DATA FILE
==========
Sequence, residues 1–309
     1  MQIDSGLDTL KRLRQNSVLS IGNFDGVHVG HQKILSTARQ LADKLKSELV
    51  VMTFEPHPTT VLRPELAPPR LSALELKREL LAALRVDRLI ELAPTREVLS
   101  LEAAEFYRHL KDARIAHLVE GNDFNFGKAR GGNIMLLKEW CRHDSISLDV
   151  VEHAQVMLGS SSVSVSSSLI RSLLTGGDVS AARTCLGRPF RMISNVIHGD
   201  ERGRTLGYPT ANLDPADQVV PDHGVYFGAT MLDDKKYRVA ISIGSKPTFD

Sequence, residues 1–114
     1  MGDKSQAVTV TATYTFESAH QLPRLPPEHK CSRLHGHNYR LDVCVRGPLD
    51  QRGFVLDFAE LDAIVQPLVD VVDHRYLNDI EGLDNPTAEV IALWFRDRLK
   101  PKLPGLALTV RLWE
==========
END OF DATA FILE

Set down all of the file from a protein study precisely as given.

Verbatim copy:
Sequence, residues 1–309
     1  MQIDSGLDTL KRLRQNSVLS IGNFDGVHVG HQKILSTARQ LADKLKSELV
    51  VMTFEPHPTT VLRPELAPPR LSALELKREL LAALRVDRLI ELAPTREVLS
   101  LEAAEFYRHL KDARIAHLVE GNDFNFGKAR GGNIMLLKEW CRHDSISLDV
   151  VEHAQVMLGS SSVSVSSSLI RSLLTGGDVS AARTCLGRPF RMISNVIHGD
   201  ERGRTLGYPT ANLDPADQVV PDHGVYFGAT MLDDKKYRVA ISIGSKPTFD

Sequence, residues 1–114
     1  MGDKSQAVTV TATYTFESAH QLPRLPPEHK CSRLHGHNYR LDVCVRGPLD
    51  QRGFVLDFAE LDAIVQPLVD VVDHRYLNDI EGLDNPTAEV IALWFRDRLK
   101  PKLPGLALTV RLWE